Aspen & Riley (the 4 legged children)
    05 Fleetwood Sequoia THE QSR
    Trek, Giant, Cannondale, Univega <img src=../Images/icons/icon_smile_bike.gif border=0 align=middle><img src=../Images/icons/icon_smile_bike.gif border=0 align=middle>
     
  8. thodes

    thodes New Member

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    This summer we bought a '99 Dutchmen Classic. We're the second owners on it, and the people before us took wonderful care of it.

    We don't have hot water on the pop up, and the holding tank has never been used. For winterizing, when people say "blow out the pipes", what kind of pump are you using to do that? Where's it connected to? Can anyone point me to some "directions" that might help me out?

    Thanks!

    Traci and Jack in CT <img src=../Images/icons/icon_smile_confused.gif border=0 align=middle><img src=../Images/icons/icon_smile_pu.gif border=0 align=middle>
    3 kids
    <img src=../Images/icons/icon_smile_bike.gif border=0 align=middle><img src=../Images/icons/icon_smile_bike.gif border=0 align=middle><img src=../Images/icons/icon_smile_bike.gif border=0 align=middle><img src=../Images/icons/icon_smile_bike.gif border=0 align=middle>
     
  9. Gambit...

    Gambit... New Member

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    thodes

    "blow out the pipes" is getting a small adapter from your local RV place or Wal-Mart which changes the city water inlet to the type of valve found on your tires.

    Install the valve on your camper, turn on the faucet handle and have somebody hit the adapter with a high preasure air hose and when water stops shooting all over the place and only air comes out, you are done! :)

    Kim
     
  10. Retired Alex

    Retired Alex New Member

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    Winterizing a trailer is not rocket science but it is not as easy as some here suggest. There is more to it than just adding antifreeze and blowing out the lines.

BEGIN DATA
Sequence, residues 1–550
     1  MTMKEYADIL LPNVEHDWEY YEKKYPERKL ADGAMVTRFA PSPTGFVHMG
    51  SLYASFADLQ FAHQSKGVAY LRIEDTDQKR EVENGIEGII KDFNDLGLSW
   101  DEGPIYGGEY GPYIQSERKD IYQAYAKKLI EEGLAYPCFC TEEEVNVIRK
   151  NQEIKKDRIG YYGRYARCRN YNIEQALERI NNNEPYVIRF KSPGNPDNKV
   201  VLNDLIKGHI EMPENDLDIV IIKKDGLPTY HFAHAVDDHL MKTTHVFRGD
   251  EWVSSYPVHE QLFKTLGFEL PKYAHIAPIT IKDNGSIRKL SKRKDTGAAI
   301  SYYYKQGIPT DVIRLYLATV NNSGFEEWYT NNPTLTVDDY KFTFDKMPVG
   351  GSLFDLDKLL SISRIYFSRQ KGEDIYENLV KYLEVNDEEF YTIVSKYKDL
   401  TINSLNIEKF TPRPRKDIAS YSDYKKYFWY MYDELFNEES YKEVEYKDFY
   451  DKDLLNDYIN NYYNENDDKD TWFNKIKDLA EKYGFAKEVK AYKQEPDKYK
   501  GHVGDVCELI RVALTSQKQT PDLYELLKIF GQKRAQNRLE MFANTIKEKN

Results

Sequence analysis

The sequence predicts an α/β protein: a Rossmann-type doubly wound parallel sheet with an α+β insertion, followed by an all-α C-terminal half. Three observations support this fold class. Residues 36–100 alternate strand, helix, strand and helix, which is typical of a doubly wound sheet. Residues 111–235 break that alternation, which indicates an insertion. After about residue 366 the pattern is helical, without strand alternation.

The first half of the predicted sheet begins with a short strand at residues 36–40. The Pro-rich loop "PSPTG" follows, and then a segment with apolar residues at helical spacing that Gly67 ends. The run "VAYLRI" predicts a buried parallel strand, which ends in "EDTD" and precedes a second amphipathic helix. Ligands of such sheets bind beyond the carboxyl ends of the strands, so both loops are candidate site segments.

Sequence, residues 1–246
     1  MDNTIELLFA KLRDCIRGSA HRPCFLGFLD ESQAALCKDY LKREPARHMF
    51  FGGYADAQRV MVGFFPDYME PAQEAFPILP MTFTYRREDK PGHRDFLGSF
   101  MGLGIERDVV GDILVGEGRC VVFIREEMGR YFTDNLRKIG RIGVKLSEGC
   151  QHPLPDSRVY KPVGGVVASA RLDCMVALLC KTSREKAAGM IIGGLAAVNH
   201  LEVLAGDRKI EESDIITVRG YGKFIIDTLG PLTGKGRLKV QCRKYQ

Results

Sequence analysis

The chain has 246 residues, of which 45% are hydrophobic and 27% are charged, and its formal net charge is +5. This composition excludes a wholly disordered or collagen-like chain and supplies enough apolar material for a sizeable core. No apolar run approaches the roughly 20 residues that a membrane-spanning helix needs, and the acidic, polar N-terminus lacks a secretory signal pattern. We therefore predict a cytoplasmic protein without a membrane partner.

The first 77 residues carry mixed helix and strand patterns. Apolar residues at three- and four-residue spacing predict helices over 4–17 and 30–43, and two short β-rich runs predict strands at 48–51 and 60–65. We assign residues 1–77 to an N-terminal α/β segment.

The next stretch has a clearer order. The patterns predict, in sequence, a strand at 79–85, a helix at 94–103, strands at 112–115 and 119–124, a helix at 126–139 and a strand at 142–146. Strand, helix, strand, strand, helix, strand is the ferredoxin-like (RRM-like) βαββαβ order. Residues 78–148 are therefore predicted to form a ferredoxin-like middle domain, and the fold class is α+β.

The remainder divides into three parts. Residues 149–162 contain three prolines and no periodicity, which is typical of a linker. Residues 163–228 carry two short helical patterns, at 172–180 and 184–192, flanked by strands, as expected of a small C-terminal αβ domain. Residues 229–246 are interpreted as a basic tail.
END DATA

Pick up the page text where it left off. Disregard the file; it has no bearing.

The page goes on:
Some points to consider:
    A. If you have a water heater, install a bypass kit. This isolates the tank from the system for the winter and then the tank only has to be drained. Do not put antifreeze in the water tank. Some manufacturers say it will prematurely corrode the anode rod. I remove the rod, drain the tank and plug the hole with a plastic screw in plug for the winter.

    B. The lines on a trailer are not straight like the water lines in a house. Blowing out the lines until only air comes out a tap will not completely drain the lines. Moisture left in the lines will run to the lowest point and may be enough to fill the line and when it freezes could split the line. Use antifreeze and air.

    C. Do not use high pressure air. Use only about 40 to 45 lb/sq.in. The system is built to take this amount of pressure. Applying high pressure to the system before someone gets a tap open will blow the whole thing to pieces.

    D. Check under the trailer and look for drain plugs. On my Westlake there were 2 drain plugs at the front of the trailer, 1 for hot and 1 for cold. These were for draining the lines and were extra to the drain plugs for the fresh and hot water tanks.

    E. Don't forget to put a bit of antifreeze in each drain.

    F. Wipe any spilt/splashed antifreeze off anything white immediately - it stains.

    G. Read your owners manual and do what it says for your trailer.

    Alex & Mary Burnett
    J D (Boxer Pup)
    2000 Aerolite Cub F21
    2006 F-150 XLT
    "If alcohol is a crutch, then Jack Daniels is a wheelchair!"
    Web Page http://users.xplornet.com/~burnetta
    http://community.webshots.com/user/alexburnett

    Edited by - Retired Alex on September 24 2007 16:33:07